- Five hundred SA healthcare workers may soon get an anti-TB vaccine (again) as part of a clinical trial to see if it helps fight Covid-19.
- A recent preliminary study found that countries with universal BCG vaccinations may be less affected by Covid-19.
- Researchers in Cape Town now want to see if revaccinations will further help countries with universal vaccinations fight the virus.
- For more stories, go to Business Insider SA.
A clinical trial to administer a tuberculosis (TB) vaccine to 500 South African healthcare workers to see whether it will reduce Covid-19 infections, or the severity of its symptoms, may soon start in South Africa.
Widespread use of the bacille Calmette-Guérin (BCG) vaccine against TB was introduced in South Africa in the 1940s, and since 1973, all babies are supposed to be injected with it.
The BCG is now suddenly centre stage in the fight against Covid-19, after an initial study found a lower mortality rate in countries that have a universal and long-standing BCG vaccination policy.
A study, which was recently published on the research platform MedRvi and has not yet been peer-reviewed, found that countries without BCG vaccination policies, such as Italy, Netherlands and the United States, appear to be worse affected by Covid-19 than those with universal and long-standing BCG policies.
There is currently no vaccination against Covid-19, but the study suggests that the BCG vaccination may lessen the severity of the virus.
Researchers in Cape Town now want to investigate whether people in countries with BCG policies, such as South Africa, will benefit from revaccinations. Their study is, however, subject to ethical clearance and approval from the South African Health Products Regulatory Authority (SAHPRA).
Professor Andreas Diacon from the clinical research organisation Task in Cape Town, who will lead the clinical trial, said there is reason to believe that revaccinations could “remind” the body’s immune system to identify infections.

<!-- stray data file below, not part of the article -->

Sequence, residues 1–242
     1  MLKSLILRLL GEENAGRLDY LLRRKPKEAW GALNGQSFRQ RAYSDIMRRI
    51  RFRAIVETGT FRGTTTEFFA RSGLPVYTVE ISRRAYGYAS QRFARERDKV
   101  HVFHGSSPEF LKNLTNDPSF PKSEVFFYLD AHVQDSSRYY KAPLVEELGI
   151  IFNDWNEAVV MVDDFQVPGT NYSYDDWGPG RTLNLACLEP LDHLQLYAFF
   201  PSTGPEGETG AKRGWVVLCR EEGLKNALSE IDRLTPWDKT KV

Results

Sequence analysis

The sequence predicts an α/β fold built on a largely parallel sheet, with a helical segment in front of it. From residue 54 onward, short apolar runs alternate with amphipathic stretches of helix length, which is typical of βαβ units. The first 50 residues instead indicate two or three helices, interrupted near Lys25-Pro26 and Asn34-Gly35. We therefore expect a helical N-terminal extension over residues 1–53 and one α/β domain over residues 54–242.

This may mean that there may possibly be fewer infections, or - which is currently believed to be more likely - that the infections will be less severe.
“The data we currently have is all observational and speculative, and the trial is, therefore, an attempt to capture data about the efficacy of BCG re-vaccination in preventing Covid-19 infection and severity,” Diacon told Business Insider South Africa.
Similar research trials are currently being conducted in Australia and the Netherlands.
The head of the Department of Biomedical Sciences at Stellenbosch University’s Medicine and Health Sciences faculty, professor Gerhard Walzl, said there is already some data to suggest that BCG protects people against respiratory diseases such as colds and flu.
This is because BCG appears to activate the immune system to respond more effectively against a range of pathogens or viruses.
Walzl said a revaccination of BCG could, therefore, strengthen the body to fight against Covid-19, but he stressed that more research is required.
He warned that South Africa should refrain from vaccinating people outside of trials, and the limited supply of the BCG vaccine should be used on intended recipients such as infants until more research is conducted.
Diacon said they are aiming to give the vaccinations to healthcare workers such as doctors and nurses specifically as they are more likely to be exposed to the virus.
If it proves successful, the research results will be handed over to the South African government to help inform the country’s response to the Covid-19 pandemic.
He said Task is limited to completing the clinical trial with 500 healthcare workers at Tygerberg hospital in Cape Town due to budgetary constraints, but would’ve preferred a larger research pool.
“We have many organisations reaching out to say that they will be able to assist in completing the research, but we simply do not have the finances to cover their expenses.”
SAHPRA and regional clearance to conduct the clinical trial has, however, been expedited by authorities, Diacon said.
“It is really encouraging to see the people who often work against you to conduct research are now coming together and offering help.”
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